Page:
Ramona and the Fruit Flies: An Interdisciplinary Approach

Article excerpt

Why does Ramona's teacher ask her students to keep jars of fruit flies? Third graders are always curious about Mrs. Whaley's assignment after reading Ramona Quimby, Age Eight (Cleary 1981). April Lloyd, a third-grade teacher at Burnley Moran Elementary School in Charlottesville, Virginia, decided to use this curiosity to introduce her students to the process of metamorphosis in insects and to the scientific method of experimentation, observation, and data collection. She described and posted her project on the computer network. Mrs. Lloyd invited others to join her class in replicating the experiment described in Ramona Quimby, Age Eight by giving their students an opportunity to decide for themselves what can be learned from a jar of fruit flies.

The Fruit-Fly Experiment

Students gathered and cleaned glass jars. They used oatmeal as a growth medium, dying it blue for contrast just as Mrs. Whaley's class had done. They put fruit-fly eggs and the growth medium into the jars, sealed them, waited, and observed. Each student had a copy of the class spreadsheet with an individual's line highlighted. They filled in their observation of how many flies were in their jar each day for ten days. After each day's results were entered and displayed, they discussed what they were seeing. For example, some students never saw any live flies in their jars and so entered all zeros. Other students entered zeros as their populations died. The class tabulated the column day by day to see a "class population" and tabulated each row to get an average number of flies for each person. The spreadsheet was posted on the network so that it could be shared with other classes participating in the experiment.

FIGURE 1

Posted spreadsheet data

Subject: Re: Ramona & the fruit flies
Date: Mon, 25 Jan 93 01:08:35 GMT
Organization: Virginia's Public Education Network (Charlottesville)

The following is the spreadsheet data for our experiment:

                    DAILY NUMBER OF FLIES OBSERVED

DAY           3     4    5    6    7    8     9     10     AVERAGE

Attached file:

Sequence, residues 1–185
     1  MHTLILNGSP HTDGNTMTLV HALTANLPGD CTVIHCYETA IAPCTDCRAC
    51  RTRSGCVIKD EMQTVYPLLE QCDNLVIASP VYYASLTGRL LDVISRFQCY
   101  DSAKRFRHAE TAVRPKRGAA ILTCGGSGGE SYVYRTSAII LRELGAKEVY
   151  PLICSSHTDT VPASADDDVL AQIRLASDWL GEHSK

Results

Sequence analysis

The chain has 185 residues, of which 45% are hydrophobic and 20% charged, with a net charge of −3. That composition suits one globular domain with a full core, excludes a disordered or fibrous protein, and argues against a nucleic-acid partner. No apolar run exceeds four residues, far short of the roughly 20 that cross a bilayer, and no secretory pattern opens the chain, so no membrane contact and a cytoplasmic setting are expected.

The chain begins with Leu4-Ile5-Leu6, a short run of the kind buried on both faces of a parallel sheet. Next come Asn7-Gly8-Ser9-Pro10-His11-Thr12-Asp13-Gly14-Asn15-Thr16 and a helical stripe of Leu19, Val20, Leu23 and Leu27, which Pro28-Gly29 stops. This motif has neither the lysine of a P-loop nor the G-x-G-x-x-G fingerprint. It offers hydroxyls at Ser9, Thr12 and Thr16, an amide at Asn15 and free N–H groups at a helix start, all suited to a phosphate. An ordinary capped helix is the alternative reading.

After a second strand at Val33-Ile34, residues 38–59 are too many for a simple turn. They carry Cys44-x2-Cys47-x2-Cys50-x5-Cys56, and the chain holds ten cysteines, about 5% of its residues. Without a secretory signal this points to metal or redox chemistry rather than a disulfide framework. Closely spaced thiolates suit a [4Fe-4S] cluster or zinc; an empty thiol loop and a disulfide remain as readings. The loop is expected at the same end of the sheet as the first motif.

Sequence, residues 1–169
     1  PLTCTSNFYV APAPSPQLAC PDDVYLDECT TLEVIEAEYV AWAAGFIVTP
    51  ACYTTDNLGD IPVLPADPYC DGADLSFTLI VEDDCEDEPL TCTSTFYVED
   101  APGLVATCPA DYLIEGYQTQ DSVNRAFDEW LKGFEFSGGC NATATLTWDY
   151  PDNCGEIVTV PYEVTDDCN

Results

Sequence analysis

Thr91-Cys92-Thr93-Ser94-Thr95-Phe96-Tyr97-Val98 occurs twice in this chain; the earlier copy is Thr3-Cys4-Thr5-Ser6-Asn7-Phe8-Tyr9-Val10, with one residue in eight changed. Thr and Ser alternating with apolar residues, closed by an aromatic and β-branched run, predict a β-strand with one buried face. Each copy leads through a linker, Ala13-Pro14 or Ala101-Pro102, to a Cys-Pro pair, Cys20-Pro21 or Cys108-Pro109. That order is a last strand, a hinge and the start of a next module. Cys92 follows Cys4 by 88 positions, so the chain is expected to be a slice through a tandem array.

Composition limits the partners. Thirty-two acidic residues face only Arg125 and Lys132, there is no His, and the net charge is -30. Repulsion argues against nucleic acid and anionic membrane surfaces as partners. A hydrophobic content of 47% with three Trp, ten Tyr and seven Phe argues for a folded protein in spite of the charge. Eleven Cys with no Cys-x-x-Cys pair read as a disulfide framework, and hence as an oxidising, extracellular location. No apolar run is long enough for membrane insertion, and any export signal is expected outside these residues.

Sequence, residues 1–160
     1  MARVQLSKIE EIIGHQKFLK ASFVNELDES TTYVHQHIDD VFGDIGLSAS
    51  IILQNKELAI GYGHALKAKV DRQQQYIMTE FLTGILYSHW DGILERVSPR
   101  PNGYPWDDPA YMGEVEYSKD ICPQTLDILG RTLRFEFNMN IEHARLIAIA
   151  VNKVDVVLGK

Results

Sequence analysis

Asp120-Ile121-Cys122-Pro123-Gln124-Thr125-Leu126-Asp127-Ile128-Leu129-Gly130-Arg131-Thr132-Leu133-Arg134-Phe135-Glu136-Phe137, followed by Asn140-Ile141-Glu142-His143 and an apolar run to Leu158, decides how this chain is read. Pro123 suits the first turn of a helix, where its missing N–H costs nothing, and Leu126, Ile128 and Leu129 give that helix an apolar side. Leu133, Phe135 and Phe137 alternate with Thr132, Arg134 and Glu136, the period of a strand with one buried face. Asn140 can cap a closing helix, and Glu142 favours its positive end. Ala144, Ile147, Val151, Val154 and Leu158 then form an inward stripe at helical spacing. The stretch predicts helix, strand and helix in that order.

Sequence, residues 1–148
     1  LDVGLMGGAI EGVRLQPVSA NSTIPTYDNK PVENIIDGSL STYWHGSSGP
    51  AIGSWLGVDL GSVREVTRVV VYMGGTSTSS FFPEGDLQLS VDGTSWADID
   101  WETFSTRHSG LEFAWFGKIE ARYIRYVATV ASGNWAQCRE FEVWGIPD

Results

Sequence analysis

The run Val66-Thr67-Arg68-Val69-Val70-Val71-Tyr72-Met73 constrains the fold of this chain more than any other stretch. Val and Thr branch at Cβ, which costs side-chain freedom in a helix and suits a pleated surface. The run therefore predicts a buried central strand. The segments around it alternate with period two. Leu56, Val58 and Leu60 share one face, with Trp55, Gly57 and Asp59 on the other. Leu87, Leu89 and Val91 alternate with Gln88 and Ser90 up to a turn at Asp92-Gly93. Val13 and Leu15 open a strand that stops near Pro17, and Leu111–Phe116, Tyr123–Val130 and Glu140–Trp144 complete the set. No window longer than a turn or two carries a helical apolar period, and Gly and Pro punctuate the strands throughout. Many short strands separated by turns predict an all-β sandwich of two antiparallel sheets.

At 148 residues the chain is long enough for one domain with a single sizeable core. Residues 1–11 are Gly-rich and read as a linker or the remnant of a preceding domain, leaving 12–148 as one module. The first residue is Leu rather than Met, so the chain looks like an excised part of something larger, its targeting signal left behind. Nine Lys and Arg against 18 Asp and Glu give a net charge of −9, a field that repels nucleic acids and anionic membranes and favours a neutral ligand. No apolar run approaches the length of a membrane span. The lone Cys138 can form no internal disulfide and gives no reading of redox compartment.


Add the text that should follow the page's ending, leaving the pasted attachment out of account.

NAME

Sky           0     0    0    0    0    0     0      0       0
Garise        0     1    1    0    0    5     3      0       1.25
Marqete      15    13    6    3    3   15    15     16      10.75
Sasha        10    12   10    8    6    0     0      0       5.714
Kelli        15    15   10   10   10    9    10     10      11.125
Brittany      0     0    0    0    6    7     8      8       3.625
Brian         4     2    1    0    0    7     9     10       4.125
Josh          9     3    3    7    7   11    11     10       7.625
Luke         15    14    3    2    2    2     2      5       5.625
Karli         3     4    2    0    4    6    10      9       4.75
Shannon       7     7    9   12   15   20    20+    20+     11.666
Jessica      15    13   12    7   15   13    10      5       1.25
Lavyn         6     6    4    3    3   10    12     12       7
Lisa          2     2    3    2    4    9    12     13       5.875
Shemeka      19    19    4    2    4   14    42     42       7.0551
Clare         5     5    5    5    1   11    14     15       7.625
Clare P      10    12   12   10    2   28    28     25      15.875
Abby          4     6    4    4    0    0     0      1       2.375
Jessica       4     3    0    0    0    0     0      0       1.125
Kim           2     4    3    0    0    0     0      0       1.125
Robert        1     2    1    1    1    4     4      3       2.125

Total/day   146   146   96   66   77   77   171    190

Students continually discussed what was happening in their jars. Occasionally, something they observed puzzled them and they used the network to seek answers. For example, the dialogue shown in figure 2 occurred between a third grader and a scientist at the University of Virginia who agreed to serve as a resource person for the experiment. …